I'm of two minds on it: one side says they should have the right and responsiblity to sort out their problems for good or ill - liaissez faire, and similarly they should understand that some actions we take might temporarily exacerbate the problem (like withdrawing capital from Argentina to avoid losses); this is the right - and responsibility - of being a sovereign nation. But the other side says, we are the only superpower left, and by default we are the world's policeman/banker/dad/ref - a thought that often seems echoed in the world press. Therefore, we should act definitively, decisively and (if need be) unilaterally in all events that threaten to rend the social/economic/political fabric, without regard to world opinion.

Nuts?
posted by UncleFes at 8:16 AM on December 20, 2001


Cerro Tololio Mr. Cooke?
posted by clavdivs at 8:33 AM on December 20, 2001


Our situation is the result of our stupid (or corrupt, I may say) governments, and that loan from the IMF.
I know there are crisis, I know there are solutions, and I don't think our economical problems are going to affect your world. But I'm very upset right now because it seems this country doesn't have a future. I don't have a future here. I send 20 e-mails per day looking for a job, but I know I'm not going to find anything. What am I supposed to do? Leave? Where? Stay and live in the streets?
posted by Flor at 9:21 AM on December 20, 2001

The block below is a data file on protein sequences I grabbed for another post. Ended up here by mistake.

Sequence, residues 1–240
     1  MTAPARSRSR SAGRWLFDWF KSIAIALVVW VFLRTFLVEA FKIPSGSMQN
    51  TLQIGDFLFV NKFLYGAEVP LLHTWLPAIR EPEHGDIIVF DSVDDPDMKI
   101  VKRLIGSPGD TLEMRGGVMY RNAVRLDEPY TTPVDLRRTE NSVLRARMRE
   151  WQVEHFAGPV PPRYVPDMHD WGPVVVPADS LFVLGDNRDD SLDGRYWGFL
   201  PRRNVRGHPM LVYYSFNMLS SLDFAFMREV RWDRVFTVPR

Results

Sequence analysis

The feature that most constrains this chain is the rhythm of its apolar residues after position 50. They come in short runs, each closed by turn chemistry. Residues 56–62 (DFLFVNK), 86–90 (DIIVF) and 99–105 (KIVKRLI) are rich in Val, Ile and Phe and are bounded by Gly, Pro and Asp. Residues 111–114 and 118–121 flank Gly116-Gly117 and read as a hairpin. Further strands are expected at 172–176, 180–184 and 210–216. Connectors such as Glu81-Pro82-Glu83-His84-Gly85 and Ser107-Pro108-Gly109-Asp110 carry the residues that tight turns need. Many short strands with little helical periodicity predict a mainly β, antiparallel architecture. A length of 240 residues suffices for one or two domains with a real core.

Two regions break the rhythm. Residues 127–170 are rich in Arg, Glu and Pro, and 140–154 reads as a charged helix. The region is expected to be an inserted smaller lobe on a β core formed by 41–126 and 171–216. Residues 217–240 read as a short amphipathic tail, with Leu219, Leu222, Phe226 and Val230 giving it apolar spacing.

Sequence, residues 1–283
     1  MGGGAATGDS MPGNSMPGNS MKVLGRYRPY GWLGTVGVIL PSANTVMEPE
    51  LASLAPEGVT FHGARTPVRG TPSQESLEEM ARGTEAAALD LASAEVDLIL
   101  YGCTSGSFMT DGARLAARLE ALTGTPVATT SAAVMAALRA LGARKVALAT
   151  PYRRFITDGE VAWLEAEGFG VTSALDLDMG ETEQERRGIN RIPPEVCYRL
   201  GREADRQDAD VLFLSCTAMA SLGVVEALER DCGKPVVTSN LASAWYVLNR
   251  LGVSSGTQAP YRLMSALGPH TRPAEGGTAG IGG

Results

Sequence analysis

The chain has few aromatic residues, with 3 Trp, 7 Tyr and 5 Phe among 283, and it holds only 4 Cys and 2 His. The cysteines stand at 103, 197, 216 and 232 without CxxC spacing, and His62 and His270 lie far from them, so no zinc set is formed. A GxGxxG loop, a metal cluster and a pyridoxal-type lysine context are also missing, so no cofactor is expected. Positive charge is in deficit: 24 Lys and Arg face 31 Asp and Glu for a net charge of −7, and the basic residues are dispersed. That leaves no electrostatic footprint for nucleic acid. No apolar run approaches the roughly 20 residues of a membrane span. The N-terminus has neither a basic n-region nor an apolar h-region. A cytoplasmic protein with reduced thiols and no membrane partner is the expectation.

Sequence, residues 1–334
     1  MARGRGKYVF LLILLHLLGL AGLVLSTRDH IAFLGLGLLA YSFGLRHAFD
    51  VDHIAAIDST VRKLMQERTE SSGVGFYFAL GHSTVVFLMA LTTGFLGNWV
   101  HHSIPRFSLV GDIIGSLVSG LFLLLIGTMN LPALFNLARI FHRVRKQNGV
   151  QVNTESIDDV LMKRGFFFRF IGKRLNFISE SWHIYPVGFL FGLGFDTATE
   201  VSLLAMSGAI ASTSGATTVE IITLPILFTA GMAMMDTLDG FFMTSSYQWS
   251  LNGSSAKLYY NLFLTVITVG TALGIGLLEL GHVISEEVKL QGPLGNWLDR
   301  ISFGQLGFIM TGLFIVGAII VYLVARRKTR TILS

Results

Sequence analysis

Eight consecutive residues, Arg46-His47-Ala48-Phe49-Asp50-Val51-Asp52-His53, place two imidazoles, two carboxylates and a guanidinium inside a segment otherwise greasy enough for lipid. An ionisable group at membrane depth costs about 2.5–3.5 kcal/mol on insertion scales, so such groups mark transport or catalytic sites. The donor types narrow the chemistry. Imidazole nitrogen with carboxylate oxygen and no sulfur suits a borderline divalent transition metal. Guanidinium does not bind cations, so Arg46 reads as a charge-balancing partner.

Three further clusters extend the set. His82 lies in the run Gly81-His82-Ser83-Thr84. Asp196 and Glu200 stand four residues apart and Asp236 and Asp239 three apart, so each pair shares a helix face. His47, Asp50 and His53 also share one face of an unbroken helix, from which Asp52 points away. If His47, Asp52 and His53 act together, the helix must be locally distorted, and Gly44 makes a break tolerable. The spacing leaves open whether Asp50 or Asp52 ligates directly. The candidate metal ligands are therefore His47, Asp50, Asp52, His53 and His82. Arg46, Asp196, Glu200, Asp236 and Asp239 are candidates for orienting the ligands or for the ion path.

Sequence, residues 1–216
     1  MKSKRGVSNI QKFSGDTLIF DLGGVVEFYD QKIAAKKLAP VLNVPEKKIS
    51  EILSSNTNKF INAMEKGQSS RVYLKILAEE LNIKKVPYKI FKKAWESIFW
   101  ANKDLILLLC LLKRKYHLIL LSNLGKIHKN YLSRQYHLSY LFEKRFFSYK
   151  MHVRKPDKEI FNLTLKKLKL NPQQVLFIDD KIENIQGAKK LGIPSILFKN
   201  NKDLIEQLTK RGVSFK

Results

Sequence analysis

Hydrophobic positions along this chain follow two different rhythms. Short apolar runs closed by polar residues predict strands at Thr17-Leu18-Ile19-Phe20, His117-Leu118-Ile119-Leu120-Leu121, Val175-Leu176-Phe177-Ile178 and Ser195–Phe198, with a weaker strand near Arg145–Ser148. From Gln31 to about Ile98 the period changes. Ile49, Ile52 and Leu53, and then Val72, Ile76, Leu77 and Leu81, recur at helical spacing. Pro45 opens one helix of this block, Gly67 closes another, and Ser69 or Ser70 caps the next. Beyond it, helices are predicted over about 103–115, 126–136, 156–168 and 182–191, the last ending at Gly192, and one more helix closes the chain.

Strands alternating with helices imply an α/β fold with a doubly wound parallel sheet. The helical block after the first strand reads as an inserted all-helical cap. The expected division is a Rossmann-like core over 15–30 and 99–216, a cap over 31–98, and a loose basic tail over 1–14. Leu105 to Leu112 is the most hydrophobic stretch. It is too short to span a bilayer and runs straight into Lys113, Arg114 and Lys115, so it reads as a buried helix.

The whole govt just resigned (according to my dad, who just phoned).

clavdivs - I was at Tololo (an odd place in some ways) 7 years ago, and met my partner there. She's now returning to a lectureship in the astronomy dept at La Universida de Chile and I'm hoping to find a job in software development (I stopped being an astronomer years ago). You've been there? La Serena is lovely, but now we'll be in Santiago...
posted by andrew cooke at 9:23 AM on December 20, 2001


Flor - I'm really sorry if my comments were ones that made you feel bad (disculpame - ademas, disculpame, porque estoy escribiendo en ingles, pero mi castellano no es perfecto y es normal escribir en ingles por aca). I have no idea how things will work out, but the Argentinians I know are good, strong, kind people (even if they do say "che" a lot ;-) - I hope you have the support of good friends (and can support them). While I don't know much about riots and collapsing economies, I am about to learn something of being unemployed - I'm trying to look on the bright side and plan how I can use that free time to do things (mainly programming) that I've not had time for before. But I guess that's not much consolation when you're worried about earning a wage, your future and your family... Que tengas suerte.